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Incorporation of Alexander Technique Principles in Teaching Voice: A Psychological Approach

journal contribution
posted on 01.05.2013, 00:00 by Larry Hensel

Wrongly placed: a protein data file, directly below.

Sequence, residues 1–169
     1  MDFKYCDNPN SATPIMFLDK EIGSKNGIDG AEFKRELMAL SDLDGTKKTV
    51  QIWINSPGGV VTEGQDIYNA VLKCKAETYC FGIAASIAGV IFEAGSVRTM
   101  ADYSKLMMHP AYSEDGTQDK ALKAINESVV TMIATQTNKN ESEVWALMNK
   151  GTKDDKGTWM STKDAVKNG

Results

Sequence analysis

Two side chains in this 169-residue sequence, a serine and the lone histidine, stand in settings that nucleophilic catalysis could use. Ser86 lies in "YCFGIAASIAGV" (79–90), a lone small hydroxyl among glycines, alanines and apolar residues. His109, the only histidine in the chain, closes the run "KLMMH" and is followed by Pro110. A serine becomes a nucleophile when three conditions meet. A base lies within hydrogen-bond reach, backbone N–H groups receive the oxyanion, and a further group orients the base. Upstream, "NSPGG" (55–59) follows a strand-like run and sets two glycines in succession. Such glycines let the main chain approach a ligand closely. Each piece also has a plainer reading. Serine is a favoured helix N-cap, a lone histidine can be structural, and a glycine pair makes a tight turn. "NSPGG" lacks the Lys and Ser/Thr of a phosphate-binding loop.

As a Certified Teacher of the Alexander Technique (AT) and a college-level voice teacher, I am often asked how much I incorporate AT into a voice lesson. While I am careful to make the distinction between a voice lesson and an AT lesson, my training as an AT teacher has greatly influenced my vocal pedagogical approach. F. M. Alexander (1869–1955) began his career as a stage actor, and later devised a methodology that can be used in any activity. He codified his discoveries into principles that would “free ourselves from the deeper and deeper layers of interference with natural functioning,” (Michael Gelb, Body Learning). “Learning how to learn” is what distinguishes the AT from all the other “ways to grow.” (Frank Pierce Jones, Freedom to Change). You can only change as quickly as you can change your thinking, which might sound easy at first, but I have found it to be one of the most challenging parts of AT. Through the exploration of awareness and change that AT has provided, I find that I communicate pedagogical ideas in a much more direct, simple way. But the most consequential change has been in my response to my students’ psychophysical development in the complex art of singing.







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